I'm designing a mobile interface for a website. Somewhere on it, I want to put a link to the full desktop site, as some users may prefer this (I know my Nexus 7 usually gets sent mobile sites, but I prefer the desktop versions most of the time).

The question then is where to put the link. Both locations seem to be used frequently. I can have it at the top:


download bmml source – Wireframes created with Balsamiq Mockups

  • Easy to see
  • User wastes no time finding link
  • Takes up space - less content will fit on

Or at the bottom:


download bmml source

  • Out of the way - doesn't disrupt content on first page
  • Not immediately visible
  • User might have to scroll through a long page to get to it

Is there any research into which is better, or any data?

  • 1
    +1 for calling it "Desktop Site" instead of "Full Site", implying the mobile version has limited functionality (which is a bad practice, IMO) Commented Jul 30, 2012 at 21:10
  • 2
    @jeroen cough stackexchange cough. They're mostly good, which makes the omissions in the the mobile ui all the more annoying.
    – fredley
    Commented Jul 30, 2012 at 23:06

3 Answers 3


What about doing both in the form of a toast notification?


download bmml source – Wireframes created with Balsamiq Mockups

After the element falls back down or is dismissed, it can be found in the site footer (putting this link in the footer is a very common pattern). You get the advantage of discoverability but without the difficulties of aligning and designing a non-obtrusive top-page link.

  • 5
    Why invest money in a mobile version if you are encouraging the users not to use it? I think this type of pop-up distracts from the current page the user is on. To me this communicates a disbelief in the mobile so much that I am assuming the mobile version is bad. Most users are used to going to the bottom, if they want it let em scroll ;) Commented Jul 30, 2012 at 20:55
  • @JeroenEijkhof - you raise a good point; I suppose it is a bit strange to invite users to move away from the mobile service. The only real use case I can think of is when there's content on the desktop version that doesn't exist on mobile, in which case, it's best discovered at the end of navigation or the bottom of the page. Still, this sort of toast notification could work well on the desktop site for inviting mobile users to try out a specialized app. Commented Jul 30, 2012 at 21:05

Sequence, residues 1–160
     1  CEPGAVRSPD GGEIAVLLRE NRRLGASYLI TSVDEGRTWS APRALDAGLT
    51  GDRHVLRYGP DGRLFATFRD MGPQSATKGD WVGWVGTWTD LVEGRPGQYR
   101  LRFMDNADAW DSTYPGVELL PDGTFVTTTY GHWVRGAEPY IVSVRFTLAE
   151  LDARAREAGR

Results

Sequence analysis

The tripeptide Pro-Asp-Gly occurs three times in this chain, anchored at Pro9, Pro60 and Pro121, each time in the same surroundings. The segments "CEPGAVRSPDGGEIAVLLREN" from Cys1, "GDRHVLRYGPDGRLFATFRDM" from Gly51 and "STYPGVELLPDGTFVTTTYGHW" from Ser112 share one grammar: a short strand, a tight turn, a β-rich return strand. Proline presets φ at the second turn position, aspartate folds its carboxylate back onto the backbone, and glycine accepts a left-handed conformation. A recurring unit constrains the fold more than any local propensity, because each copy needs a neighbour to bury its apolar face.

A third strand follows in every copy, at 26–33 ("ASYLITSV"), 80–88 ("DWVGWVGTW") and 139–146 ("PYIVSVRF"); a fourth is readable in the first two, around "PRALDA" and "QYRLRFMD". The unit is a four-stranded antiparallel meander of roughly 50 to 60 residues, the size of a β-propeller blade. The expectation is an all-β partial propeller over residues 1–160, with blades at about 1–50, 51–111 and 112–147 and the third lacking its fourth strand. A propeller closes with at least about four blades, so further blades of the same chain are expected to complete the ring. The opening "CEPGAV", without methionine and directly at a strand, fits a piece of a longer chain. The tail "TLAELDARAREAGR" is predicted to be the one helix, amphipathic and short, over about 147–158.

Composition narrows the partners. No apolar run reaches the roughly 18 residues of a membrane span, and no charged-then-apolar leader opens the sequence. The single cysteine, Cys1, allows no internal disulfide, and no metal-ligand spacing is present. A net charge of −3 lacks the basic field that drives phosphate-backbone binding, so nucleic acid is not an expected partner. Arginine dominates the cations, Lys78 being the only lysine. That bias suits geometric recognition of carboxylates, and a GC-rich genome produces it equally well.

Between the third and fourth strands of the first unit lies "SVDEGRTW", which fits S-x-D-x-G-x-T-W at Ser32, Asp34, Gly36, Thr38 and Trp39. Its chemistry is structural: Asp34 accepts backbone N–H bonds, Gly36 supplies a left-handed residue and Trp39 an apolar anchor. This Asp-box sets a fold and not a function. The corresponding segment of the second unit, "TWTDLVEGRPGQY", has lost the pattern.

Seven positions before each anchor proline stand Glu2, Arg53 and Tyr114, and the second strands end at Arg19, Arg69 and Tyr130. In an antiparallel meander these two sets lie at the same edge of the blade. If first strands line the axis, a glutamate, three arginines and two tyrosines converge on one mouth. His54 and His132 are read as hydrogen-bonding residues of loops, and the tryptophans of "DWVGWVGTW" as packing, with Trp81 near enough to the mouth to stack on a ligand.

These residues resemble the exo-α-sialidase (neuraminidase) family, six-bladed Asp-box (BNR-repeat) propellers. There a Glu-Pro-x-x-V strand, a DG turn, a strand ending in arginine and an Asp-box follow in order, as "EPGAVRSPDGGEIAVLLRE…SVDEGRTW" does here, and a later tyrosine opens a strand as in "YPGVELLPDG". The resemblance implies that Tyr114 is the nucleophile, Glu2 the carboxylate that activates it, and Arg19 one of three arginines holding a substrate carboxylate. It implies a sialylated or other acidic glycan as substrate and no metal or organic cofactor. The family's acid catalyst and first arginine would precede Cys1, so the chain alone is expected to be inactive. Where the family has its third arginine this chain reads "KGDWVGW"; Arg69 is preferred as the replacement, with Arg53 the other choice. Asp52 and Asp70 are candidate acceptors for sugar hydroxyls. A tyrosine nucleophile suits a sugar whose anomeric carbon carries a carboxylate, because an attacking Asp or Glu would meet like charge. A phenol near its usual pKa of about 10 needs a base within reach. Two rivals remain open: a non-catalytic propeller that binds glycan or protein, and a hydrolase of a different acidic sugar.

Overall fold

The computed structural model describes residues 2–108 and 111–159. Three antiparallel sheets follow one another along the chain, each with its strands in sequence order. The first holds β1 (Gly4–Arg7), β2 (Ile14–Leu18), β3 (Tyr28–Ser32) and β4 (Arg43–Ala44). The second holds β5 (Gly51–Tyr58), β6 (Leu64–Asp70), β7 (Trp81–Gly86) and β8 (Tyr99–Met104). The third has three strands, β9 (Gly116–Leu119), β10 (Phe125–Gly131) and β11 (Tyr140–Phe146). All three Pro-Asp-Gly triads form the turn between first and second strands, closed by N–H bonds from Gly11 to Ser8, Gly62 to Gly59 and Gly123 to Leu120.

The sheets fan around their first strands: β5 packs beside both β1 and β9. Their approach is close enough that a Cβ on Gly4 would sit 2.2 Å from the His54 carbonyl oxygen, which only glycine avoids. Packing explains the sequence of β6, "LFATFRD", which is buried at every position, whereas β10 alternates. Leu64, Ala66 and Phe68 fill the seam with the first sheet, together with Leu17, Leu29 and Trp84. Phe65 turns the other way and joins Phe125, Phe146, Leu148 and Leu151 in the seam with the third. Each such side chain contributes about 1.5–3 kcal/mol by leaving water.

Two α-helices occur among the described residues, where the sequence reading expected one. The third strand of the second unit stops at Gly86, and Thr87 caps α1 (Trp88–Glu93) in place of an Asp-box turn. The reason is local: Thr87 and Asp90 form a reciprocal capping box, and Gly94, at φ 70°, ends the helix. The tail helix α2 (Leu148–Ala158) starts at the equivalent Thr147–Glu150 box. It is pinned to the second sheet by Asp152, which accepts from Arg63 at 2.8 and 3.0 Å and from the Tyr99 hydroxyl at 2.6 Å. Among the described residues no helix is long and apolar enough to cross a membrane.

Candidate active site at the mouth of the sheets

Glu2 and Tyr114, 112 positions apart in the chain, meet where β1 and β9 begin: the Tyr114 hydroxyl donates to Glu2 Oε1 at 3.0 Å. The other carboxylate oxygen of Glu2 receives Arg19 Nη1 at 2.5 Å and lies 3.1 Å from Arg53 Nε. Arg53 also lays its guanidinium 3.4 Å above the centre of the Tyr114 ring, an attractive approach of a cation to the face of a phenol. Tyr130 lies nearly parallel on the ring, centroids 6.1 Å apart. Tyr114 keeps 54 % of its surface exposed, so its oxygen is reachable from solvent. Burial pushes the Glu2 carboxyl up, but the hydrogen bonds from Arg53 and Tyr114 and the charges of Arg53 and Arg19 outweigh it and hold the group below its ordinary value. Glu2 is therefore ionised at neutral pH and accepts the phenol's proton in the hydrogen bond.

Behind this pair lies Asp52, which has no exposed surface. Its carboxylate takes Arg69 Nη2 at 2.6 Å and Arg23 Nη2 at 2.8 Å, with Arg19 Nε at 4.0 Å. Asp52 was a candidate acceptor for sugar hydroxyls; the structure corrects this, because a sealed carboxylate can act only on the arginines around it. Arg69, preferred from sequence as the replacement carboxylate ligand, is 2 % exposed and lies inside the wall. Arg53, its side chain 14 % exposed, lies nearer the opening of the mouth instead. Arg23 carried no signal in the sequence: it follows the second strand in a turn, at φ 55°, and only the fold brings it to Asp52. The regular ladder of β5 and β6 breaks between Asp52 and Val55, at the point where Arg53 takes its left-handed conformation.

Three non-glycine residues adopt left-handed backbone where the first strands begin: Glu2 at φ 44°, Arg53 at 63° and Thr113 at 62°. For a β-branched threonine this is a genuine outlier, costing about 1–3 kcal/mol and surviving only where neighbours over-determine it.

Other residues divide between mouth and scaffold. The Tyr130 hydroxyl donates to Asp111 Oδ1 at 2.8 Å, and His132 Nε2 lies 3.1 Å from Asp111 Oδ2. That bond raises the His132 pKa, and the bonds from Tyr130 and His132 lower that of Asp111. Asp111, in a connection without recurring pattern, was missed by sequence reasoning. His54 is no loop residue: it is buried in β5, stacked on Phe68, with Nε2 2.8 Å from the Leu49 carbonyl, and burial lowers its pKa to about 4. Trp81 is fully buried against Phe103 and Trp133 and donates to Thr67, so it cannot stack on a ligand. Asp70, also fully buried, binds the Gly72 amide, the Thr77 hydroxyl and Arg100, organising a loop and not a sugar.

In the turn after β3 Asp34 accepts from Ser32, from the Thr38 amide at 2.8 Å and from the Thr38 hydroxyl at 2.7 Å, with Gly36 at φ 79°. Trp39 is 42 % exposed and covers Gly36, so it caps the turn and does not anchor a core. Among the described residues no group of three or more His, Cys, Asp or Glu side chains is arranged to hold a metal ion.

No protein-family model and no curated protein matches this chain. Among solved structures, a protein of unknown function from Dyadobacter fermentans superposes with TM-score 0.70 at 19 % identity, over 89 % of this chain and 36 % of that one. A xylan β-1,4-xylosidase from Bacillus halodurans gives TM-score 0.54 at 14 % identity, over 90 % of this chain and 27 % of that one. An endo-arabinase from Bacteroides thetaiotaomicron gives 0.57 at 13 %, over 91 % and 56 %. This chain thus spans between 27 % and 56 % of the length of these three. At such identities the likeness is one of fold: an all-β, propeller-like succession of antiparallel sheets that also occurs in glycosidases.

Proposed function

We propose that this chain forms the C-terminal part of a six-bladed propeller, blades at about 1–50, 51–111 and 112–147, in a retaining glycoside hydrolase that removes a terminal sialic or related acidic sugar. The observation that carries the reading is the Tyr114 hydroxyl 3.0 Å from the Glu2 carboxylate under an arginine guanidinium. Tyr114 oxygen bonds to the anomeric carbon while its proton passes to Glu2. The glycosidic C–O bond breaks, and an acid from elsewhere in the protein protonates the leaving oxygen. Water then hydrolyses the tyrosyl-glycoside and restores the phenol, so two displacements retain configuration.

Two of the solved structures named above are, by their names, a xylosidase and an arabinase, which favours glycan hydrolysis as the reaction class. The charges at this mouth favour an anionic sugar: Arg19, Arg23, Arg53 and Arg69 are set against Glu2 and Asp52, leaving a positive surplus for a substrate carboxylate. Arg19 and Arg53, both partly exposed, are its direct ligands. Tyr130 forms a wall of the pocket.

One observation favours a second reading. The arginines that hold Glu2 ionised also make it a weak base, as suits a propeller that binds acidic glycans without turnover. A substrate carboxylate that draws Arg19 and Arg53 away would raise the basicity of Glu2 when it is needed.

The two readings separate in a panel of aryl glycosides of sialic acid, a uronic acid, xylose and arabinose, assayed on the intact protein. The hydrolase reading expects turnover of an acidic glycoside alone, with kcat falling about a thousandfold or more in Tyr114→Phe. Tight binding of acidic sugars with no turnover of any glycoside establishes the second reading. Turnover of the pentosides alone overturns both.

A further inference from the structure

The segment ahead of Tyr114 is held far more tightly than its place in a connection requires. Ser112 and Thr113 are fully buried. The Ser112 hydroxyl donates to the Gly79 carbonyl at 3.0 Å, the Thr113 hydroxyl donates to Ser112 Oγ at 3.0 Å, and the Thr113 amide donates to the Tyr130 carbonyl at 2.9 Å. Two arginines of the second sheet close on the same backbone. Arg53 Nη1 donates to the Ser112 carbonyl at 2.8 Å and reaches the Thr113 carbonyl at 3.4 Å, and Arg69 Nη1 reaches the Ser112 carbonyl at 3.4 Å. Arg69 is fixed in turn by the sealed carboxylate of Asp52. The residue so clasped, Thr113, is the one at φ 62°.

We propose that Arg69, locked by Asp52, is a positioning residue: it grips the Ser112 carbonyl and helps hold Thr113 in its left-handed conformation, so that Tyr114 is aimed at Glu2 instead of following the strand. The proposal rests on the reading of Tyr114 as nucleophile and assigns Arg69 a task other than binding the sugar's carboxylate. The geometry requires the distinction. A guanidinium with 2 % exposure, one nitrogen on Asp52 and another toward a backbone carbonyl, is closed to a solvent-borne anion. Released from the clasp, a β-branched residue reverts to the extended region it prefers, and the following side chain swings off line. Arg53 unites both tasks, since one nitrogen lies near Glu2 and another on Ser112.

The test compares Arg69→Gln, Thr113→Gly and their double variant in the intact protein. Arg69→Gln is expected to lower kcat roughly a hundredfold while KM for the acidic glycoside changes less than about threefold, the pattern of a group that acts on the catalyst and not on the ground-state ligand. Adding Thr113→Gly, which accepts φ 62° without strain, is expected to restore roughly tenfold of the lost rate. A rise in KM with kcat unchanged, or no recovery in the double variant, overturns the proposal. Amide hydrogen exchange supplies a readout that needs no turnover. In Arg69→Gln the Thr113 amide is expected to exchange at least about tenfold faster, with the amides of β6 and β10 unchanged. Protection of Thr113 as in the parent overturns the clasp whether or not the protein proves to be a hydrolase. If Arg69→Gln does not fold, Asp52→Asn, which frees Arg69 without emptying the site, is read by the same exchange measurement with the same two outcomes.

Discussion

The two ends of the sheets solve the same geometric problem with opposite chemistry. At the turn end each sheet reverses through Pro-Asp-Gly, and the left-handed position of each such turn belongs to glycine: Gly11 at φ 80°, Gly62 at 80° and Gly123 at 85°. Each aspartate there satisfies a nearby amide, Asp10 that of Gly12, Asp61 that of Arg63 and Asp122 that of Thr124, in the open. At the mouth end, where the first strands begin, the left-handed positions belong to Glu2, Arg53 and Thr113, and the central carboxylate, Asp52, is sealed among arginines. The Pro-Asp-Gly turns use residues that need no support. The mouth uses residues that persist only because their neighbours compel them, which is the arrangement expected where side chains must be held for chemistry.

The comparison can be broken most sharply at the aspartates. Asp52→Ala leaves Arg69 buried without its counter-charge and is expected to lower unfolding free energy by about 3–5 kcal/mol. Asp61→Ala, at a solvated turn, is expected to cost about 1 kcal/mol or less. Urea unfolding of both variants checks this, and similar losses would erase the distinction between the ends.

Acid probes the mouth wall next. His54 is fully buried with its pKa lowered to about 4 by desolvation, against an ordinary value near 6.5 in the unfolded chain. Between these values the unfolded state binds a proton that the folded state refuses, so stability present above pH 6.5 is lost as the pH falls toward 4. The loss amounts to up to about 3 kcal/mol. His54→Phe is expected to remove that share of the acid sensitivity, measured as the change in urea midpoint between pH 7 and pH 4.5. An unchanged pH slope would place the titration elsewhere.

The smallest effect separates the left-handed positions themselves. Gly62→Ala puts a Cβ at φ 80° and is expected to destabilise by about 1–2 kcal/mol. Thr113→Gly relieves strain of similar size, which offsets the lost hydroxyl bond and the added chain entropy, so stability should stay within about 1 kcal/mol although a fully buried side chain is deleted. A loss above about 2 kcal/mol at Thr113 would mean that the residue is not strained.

• Yea in the desktop version it would work nicely. I posted a comprise answer just now where the top level "Desktop version" link is actually inside a menu dropdown (which often exists). It also points out the fact that we design sites that 90-95% of the time have limited functionality. I have been trying to move away from that actually. Commented Jul 30, 2012 at 21:08
  • 1
    In addition to @JeroenEijkhof's excellent point, I would argue that those toasts would get annoying pretty quickly. I also think it's a non-trivial problem to develop the smarts that would correctly pick when/how often to display that toast while preserving both its usefulness and the discoverability of the feature. In the end, developing a good, feature-complete mobile site would be a far more effective use of time, in my opinion.
    – user8697
    Commented Aug 1, 2012 at 18:15
  • @Phong - yeah, you'd probably only show the toast once every thirty days / store a cookie saying 'never show it me again'. Commented Aug 1, 2012 at 18:32

In a similar project, we put a link at the top and at the bottom, combining both of your examples. Obviously the top link was clicked most. About 70/30, but that's not surprising. No matter what method you choose, ensure to repeat this strategy on the desktop site. Put an easy to find link to the mobile site -- so people who prefer the mobile site can get there easily.

  • Why did you put the link at the top? Commented Jul 30, 2012 at 20:56
  • We had a stakeholder that was unconvinced that users were getting everything they needed from the mobile site. This same person pushed for the link at the top of the page. So of course it got more clicks, but those clicks likely lead to a less than ideal browsing experience. I agree with your point that investing in mobile, just to further invest effort in a strategy to get them back to the desktop site, is counter-productive.
    – drawtheweb
    Commented Jul 30, 2012 at 21:07
  • Stakeholder, don't you just love em'? Commented Jul 31, 2012 at 17:57

If you want to, it could be accessible from the top. As long as it also exists at the bottom. Just don't encourage people to leave your mobile site, if you do then there is no reason to invest in a mobile site.


download bmml source – Wireframes created with Balsamiq Mockups

  • Can you provide some reasons for including the message at both the top and bottom? Commented Jul 30, 2012 at 21:07
  • No, this was just a comprise since the OP seemed to want one there. I guess it was a reaction from me as if the OP was a client "Ok you can have it at the top, but not visible at first glance. Because your paying us money for a mobile version" Commented Jul 30, 2012 at 21:12
  • Rephrased my answer to reflect better Commented Jul 30, 2012 at 21:13

Your Answer

By clicking “Post Your Answer”, you agree to our terms of service and acknowledge you have read our privacy policy.

Not the answer you're looking for? Browse other questions tagged or ask your own question.